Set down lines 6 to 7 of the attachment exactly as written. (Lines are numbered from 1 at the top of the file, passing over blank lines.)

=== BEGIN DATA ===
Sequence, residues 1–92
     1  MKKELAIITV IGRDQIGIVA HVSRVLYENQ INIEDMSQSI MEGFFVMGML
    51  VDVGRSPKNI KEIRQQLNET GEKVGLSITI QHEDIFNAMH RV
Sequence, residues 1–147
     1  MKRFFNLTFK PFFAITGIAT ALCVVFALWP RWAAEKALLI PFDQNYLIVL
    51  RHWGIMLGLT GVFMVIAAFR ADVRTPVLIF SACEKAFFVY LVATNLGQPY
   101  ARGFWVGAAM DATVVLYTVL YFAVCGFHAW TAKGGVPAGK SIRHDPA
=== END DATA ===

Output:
    51  RHWGIMLGLT GVFMVIAAFR ADVRTPVLIF SACEKAFFVY LVATNLGQPY
   101  ARGFWVGAAM DATVVLYTVL YFAVCGFHAW TAKGGVPAGK SIRHDPA